The headline read: “Stockbridge Is Under Arms — Terrified by the Acts of a Mysterious Burglar.”
It was Sept. 10, 1893, and the New York Times was not mincing words. This, they wrote, was a “Reign of Terror,” no less.
Whoever the miscreant was, he had a taste for widows. In daylight, the thief entered the home of a Stockbridge widow and took $100. A few days later, he entered the home of the Widow Moore. It was night. He woke her and demanded money. In recounting her harrowing experience, she said, “He spoke in a suave and gentle tone.”
At that moment, a simple report took on the characteristics of enduring myth. From that day, he was known as “the Gentleman Burglar.”
Moore went on to describe him as “tall and well dressed with what appeared to be small soft hands, and a fine handkerchief covering his entire face.”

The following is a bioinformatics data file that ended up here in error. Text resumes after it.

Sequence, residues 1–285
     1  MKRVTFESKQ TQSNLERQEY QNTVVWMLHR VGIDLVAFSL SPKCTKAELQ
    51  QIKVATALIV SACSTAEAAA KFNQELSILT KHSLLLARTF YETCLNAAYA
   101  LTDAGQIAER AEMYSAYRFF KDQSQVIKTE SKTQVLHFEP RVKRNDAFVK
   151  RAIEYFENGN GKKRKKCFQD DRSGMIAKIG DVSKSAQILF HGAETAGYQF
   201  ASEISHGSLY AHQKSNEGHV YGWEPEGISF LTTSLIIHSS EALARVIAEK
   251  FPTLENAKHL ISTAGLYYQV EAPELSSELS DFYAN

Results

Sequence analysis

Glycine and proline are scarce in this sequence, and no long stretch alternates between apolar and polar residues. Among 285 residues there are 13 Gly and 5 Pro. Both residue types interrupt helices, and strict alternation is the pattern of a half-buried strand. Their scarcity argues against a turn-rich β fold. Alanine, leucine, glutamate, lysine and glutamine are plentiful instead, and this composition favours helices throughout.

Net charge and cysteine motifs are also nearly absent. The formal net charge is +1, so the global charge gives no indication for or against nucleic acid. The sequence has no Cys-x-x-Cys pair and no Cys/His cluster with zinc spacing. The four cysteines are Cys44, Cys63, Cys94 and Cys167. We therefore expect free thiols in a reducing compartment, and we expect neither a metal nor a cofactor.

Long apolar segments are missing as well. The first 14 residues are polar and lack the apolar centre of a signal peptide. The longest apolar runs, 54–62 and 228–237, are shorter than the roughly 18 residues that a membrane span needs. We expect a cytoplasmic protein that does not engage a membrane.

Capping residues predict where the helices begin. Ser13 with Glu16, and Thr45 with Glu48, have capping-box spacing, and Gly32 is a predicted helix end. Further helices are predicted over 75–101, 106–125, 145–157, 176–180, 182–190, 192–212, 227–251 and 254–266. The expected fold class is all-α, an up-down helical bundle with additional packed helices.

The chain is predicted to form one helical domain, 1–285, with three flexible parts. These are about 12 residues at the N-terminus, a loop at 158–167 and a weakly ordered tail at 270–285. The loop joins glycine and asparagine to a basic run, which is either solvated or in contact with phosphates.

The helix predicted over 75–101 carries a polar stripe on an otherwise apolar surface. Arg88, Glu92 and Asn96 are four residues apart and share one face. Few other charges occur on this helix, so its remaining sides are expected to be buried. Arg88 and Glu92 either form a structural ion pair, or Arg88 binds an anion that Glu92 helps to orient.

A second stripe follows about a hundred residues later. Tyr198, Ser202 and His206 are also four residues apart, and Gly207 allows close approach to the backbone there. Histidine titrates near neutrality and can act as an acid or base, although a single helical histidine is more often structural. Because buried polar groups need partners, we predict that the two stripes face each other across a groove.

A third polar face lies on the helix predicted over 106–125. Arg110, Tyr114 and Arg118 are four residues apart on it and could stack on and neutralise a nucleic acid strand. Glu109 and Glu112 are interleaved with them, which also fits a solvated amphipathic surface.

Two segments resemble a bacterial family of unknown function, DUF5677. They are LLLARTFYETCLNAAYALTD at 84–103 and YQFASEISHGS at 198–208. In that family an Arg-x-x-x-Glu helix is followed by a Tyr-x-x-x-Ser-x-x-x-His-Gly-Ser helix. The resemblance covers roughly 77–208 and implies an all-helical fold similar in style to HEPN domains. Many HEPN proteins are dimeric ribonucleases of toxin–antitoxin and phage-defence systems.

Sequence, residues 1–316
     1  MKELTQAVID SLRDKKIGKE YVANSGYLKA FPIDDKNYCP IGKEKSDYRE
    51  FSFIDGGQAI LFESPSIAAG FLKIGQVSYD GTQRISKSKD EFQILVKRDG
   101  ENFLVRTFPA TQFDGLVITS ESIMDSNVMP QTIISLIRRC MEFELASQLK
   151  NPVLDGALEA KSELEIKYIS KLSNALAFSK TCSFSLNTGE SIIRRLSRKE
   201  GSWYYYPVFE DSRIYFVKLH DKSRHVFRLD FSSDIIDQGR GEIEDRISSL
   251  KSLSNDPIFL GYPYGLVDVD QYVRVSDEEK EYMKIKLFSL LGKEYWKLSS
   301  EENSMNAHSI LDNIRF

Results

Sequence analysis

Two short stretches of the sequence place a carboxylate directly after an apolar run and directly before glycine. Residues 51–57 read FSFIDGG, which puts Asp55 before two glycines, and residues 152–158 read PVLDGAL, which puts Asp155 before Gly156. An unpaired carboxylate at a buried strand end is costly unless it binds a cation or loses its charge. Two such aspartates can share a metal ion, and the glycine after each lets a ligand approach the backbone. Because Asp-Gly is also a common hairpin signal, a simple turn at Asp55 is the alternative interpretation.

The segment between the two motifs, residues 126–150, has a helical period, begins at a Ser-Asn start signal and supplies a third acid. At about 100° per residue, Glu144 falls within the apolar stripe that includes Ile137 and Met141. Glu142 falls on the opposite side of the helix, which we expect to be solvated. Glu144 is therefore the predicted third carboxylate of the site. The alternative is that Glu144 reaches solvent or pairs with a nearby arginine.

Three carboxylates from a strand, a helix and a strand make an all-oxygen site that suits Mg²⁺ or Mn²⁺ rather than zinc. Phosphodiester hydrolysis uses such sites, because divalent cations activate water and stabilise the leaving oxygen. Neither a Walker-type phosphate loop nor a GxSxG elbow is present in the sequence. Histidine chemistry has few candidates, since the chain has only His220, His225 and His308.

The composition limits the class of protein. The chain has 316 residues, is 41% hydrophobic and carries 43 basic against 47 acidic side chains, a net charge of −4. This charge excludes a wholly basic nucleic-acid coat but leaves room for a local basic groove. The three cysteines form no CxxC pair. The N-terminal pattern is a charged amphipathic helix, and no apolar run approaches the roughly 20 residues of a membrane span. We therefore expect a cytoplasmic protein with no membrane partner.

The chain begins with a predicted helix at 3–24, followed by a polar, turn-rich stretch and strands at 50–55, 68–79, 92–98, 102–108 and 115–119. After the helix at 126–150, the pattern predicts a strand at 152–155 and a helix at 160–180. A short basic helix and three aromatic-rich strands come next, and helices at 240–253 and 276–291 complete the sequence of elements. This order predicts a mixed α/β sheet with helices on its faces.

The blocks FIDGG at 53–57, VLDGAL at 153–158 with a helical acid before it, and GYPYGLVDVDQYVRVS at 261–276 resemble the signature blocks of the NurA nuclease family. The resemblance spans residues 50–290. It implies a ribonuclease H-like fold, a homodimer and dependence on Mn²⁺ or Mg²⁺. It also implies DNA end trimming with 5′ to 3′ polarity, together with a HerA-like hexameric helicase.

Recalling her childhood, an elderly woman said, “I remember seeing a handkerchief. It was red with two holes in it for eyes. My mother told me it belonged to a thief dubbed the Gentleman Burglar.”
The Times article dedicated a full page to the report: “The once quiet peaceful town now sleeps with barred doors. The watchmen in the street and the detective are on the alert for a tall man with arching eyebrows and a mesmerizing voice.”
With sobriquet established, the Gentleman Burglar changed his modus operandi. He entered Eastview [i], the Berkshire cottage of Charles F. Southmayd. He stood over Southmayd as he slept. It wakened him, and the burglar said, “Be very quiet and I won’t harm you.”
Just then, Miss Southmayd woke and called out from her room, “Charles, what is it?”